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sanctum (n.)

1570s, "holy place of the Jewish tabernacle," from Latin sanctum "a holy place," as in Late Latin sanctum sanctorum "holy of holies" (translating Greek to hagion ton hagiou, translating Hebrew qodesh haqqodashim), from neuter of sanctus "holy" (see saint (n.)). In English, sanctum sanctorum attested from c. 1400; in the sense of "a person's private room or retreat" it is attested by 1706.

I had no need to make any change ; I should not be called upon to quit my sanctum of the school-room — for a sanctum it was now become to me —a very pleasant refuge in time of trouble. ["Jane Eyre"]
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hold (n.1)

c. 1100, "act of holding;" c. 1200, "grasp, grip," from Old English geheald (Anglian gehald) "keeping, custody, guard; watch, protector, guardian," from hold (v.). Meaning "place of refuge" is from c. 1200; that of "fortified place" is from c. 1300; that of "place of imprisonment" is from late 14c. Wrestling sense is from 1713. Telephoning sense is from 1961 (on hold), from expression hold the line, warning that one is away from the receiver (1912). Meaning "a delay, a pause" is from 1961 in the U.S. space program. No holds barred "with all restrictions removed" is from 1892, originally in wrestling.

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extradition (n.)

1833, from French extradition (18c.), apparently a coinage of Voltaire's, from Latin ex "out" (see ex-) + traditionem (nominative traditio) "a delivering up, handing over," noun of action from tradere "to hand over" (see tradition).

This word might be adopted in our language with advantage, as we have none which conveys the same meaning. Extradition signifies the delivering up of criminals who may have sought refuge in any country, to the government whose subjects they are, on a claim being made to this effect. [from a footnote to the word extradition in the translation of "Memoirs of Marshal Ney" published in London in 1833]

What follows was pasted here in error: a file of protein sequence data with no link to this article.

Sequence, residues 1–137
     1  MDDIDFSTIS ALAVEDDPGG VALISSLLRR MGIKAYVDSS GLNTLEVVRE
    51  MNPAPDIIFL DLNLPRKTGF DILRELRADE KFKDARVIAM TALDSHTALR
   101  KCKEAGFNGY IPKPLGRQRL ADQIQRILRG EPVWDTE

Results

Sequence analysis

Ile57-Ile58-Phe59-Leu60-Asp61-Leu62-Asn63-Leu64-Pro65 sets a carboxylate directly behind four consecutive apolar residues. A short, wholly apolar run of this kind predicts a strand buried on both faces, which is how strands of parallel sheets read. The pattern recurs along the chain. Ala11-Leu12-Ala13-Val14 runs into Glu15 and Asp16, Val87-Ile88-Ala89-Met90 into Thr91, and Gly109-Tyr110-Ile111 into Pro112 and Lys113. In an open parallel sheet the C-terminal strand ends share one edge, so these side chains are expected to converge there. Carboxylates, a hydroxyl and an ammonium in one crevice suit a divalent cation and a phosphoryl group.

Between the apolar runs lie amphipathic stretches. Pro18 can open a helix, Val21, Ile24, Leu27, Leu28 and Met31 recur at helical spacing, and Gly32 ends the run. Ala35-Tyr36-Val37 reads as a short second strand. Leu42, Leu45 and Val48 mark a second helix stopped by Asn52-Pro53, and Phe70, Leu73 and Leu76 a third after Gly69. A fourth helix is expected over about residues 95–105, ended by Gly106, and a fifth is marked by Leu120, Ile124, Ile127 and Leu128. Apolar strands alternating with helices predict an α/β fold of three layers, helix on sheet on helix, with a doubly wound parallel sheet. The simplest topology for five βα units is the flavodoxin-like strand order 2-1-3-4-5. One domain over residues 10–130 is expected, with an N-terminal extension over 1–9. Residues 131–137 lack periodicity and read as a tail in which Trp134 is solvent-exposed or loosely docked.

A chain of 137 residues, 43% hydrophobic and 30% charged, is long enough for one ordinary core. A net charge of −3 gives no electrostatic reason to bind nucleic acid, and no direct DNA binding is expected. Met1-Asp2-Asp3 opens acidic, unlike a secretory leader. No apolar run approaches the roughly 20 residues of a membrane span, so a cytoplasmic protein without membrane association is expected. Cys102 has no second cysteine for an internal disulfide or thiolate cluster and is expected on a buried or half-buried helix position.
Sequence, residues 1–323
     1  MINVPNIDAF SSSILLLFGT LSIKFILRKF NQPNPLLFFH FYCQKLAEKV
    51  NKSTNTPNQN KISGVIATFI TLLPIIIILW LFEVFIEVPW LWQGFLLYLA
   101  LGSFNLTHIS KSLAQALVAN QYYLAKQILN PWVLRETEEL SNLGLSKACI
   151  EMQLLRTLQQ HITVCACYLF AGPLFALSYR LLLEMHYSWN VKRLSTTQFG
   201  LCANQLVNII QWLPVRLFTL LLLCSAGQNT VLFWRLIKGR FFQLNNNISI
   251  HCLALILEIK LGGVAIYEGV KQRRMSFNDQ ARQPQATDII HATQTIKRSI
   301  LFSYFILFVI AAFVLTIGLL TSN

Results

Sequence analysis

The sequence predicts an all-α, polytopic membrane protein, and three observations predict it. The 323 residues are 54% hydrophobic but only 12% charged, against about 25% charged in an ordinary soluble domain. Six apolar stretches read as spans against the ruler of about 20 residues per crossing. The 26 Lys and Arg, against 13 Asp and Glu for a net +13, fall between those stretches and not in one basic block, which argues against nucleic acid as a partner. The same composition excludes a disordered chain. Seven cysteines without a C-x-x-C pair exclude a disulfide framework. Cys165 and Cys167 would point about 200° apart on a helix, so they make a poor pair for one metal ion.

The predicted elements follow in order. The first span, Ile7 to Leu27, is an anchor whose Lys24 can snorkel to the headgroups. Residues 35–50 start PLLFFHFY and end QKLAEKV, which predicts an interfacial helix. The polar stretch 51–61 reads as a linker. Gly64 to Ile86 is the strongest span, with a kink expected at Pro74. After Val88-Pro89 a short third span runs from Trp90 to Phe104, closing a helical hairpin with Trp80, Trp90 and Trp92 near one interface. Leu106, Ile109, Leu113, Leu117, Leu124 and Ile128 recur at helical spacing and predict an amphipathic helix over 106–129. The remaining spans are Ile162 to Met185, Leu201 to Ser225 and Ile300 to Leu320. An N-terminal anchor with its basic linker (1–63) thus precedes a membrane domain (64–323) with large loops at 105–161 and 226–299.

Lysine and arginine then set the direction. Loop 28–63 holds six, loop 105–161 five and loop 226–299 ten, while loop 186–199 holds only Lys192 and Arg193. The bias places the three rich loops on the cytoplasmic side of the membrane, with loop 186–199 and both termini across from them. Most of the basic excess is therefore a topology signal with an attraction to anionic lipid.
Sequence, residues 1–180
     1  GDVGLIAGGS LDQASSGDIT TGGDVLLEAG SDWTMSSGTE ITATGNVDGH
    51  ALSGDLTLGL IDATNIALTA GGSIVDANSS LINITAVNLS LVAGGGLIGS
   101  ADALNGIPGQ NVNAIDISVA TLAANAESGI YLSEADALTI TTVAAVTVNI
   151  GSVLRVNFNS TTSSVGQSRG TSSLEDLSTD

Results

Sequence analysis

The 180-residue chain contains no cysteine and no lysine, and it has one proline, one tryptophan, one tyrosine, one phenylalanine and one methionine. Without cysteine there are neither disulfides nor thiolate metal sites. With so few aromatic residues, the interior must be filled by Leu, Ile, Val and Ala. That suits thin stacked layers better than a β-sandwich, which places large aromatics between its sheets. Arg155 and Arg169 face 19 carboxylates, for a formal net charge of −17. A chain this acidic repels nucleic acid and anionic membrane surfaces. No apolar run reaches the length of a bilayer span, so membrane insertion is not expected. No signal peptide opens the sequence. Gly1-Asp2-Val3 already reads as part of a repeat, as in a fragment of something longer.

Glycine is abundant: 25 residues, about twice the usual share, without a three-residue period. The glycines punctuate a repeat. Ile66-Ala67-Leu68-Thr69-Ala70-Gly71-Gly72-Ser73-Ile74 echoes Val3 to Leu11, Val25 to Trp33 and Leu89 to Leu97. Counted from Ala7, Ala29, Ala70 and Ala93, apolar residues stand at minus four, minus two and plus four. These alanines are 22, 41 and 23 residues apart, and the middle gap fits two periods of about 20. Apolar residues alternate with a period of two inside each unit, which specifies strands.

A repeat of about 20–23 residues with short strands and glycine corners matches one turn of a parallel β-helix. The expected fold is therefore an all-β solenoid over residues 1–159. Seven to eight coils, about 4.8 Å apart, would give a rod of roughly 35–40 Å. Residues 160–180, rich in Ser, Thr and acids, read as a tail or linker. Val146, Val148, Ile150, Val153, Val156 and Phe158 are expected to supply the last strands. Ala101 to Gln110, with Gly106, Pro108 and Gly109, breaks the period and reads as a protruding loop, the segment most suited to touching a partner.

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coverture (n.)

early 13c., "a cover or covering" (earliest reference is to bedcovers), from Old French coverture (12c.) "blanket; roof; concealment," from Latin *coopertura, from past participle stem of cooperire "to cover" (see cover (v.)). From late 14c. as "a protective device, a refuge." In old law, "the state of a married woman considered as under the power and protection of her husband" (1540s).

At common law coverture disabled a woman from making contracts to the prejudice of herself or her husband without his allowance or confirmation. [Century Dictionary]
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garret (n.)

c. 1300, garite, "turret, small tower on the roof of a house or castle," from Old French garite "watchtower, place of refuge, shelter, lookout," from garir "defend, preserve," which is from a Germanic source (compare Old English warian "to hold, defend," Gothic warjan "forbid," Old High German warjan "to defend"), from Proto-Germanic *warjan, from PIE root *wer- (4) "to cover." Meaning "room on uppermost floor of a house," especially a room with a sloping roof, is from early 14c. See attic. As the typical wretched abode of a poor poet, by mid-18c.